A decent lyric generation prompt is going to be about three and a half to four pages. I have one that I use that is — I forget how long it is, but it’s — it’s gigantic. So the prompt goes like this: “Gentle exploration…” And there’s a bunch of things there. “Becoming the architect, gently guiding the user, present and collaborate with the user…” Special considerations for singability, like vowel power, consonant flow, phrase length, line length… Finding the core emotion, the genre and mood, connecting with the music, the lyrical foundation, song structure, number of verses, emotional arc, rhyme scheme — you know, AABB, ABAB, et cetera, et cetera — syllable count and flow, read aloud, verses, chorus, pre-chorus, bridge… All these pieces.

The prompts I use to create lyrics — and just for fun — are gigantic, because if you want to create really solid lyrics, you need to have that level of detail. That’s what you expect in a recipe! If that Academy Award-winning prompt was a recipe, it’s inedible chicken. There’s no step-by-step precision in there. There is no detail. What temperature is the oven supposed to be? How long do you cook it for? In the case of a song, how long should a verse be? How long should a chorus be? What is the structure of the song, et cetera?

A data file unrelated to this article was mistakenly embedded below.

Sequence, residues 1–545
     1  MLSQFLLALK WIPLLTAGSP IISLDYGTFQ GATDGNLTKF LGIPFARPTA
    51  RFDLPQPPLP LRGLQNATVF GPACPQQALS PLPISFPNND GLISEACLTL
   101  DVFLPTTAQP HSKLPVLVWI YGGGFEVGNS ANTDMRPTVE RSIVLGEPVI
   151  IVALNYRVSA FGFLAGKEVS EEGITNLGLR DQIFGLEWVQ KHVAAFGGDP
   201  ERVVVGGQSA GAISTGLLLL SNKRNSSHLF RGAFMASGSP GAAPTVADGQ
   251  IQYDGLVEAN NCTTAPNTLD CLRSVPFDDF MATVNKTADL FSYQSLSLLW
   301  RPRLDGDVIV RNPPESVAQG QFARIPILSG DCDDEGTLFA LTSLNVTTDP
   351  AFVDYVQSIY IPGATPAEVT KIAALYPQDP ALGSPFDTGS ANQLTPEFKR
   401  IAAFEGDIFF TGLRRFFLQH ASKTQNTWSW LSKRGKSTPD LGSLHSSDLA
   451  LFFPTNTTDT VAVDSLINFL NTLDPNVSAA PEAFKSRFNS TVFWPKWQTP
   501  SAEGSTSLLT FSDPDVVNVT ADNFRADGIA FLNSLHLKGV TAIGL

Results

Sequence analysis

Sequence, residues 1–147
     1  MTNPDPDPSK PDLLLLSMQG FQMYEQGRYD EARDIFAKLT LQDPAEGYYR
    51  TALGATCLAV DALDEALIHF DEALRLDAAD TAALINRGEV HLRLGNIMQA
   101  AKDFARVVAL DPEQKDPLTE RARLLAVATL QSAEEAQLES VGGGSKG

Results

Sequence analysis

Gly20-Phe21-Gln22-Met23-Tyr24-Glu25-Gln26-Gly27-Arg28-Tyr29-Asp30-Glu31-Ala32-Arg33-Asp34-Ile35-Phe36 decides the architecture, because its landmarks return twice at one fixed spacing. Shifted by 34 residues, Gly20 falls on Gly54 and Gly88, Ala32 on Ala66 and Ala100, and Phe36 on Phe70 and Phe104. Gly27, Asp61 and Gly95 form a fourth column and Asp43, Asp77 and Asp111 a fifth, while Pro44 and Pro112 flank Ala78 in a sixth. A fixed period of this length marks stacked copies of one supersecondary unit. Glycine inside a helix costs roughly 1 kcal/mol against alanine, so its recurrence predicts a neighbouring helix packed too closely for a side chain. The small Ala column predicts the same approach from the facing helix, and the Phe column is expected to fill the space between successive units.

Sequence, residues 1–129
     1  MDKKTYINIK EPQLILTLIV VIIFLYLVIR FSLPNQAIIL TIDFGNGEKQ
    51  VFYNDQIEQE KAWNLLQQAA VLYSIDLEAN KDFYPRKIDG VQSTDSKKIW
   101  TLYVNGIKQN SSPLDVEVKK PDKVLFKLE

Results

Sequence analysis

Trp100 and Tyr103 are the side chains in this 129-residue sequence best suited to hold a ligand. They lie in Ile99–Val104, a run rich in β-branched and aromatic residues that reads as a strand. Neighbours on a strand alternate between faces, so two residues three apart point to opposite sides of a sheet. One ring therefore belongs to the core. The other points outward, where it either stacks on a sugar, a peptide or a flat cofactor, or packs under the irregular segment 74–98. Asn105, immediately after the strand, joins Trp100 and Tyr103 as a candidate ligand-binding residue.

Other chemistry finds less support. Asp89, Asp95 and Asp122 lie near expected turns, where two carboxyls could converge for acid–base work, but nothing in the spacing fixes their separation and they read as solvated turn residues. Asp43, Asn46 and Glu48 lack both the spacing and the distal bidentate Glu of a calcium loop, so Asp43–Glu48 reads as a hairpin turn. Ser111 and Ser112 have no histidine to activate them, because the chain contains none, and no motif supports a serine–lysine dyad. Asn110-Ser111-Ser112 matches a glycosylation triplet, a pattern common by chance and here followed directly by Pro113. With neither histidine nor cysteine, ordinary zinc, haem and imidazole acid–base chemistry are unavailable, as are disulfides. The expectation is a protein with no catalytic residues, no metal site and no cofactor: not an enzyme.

Look, here’s the thing: to get great performance at today’s modern, large language models, approach them like you would approach a skilled novice chef. You give them clear, comprehensive, detailed instructions, background information, and data to get superhuman levels of performance out of them. The tools that exist today are incredibly capable. They have huge memories; they can tackle a lot of data, but they need detailed recipes. So if you wouldn’t give a novice chef a one-paragraph recipe, don’t give that to a generative AI model. Instead, you might give a cookbook to a novice chef, and you can give a cookbook to generative AI.

That’s going to do it for this episode. Thanks for tuning in. Talk to you soon.

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Christopher S. Penn is one of the world’s leading experts on AI in marketing. Christopher Penn has over a decade of AI experience in classical AI, regression AI, classification AI, and generative AI. Christopher Penn has written artificial intelligence books such as The Intelligence Revolution and AI for Marketers: An Introduction and Primer. Christopher Penn is an AI keynote speaker around the world.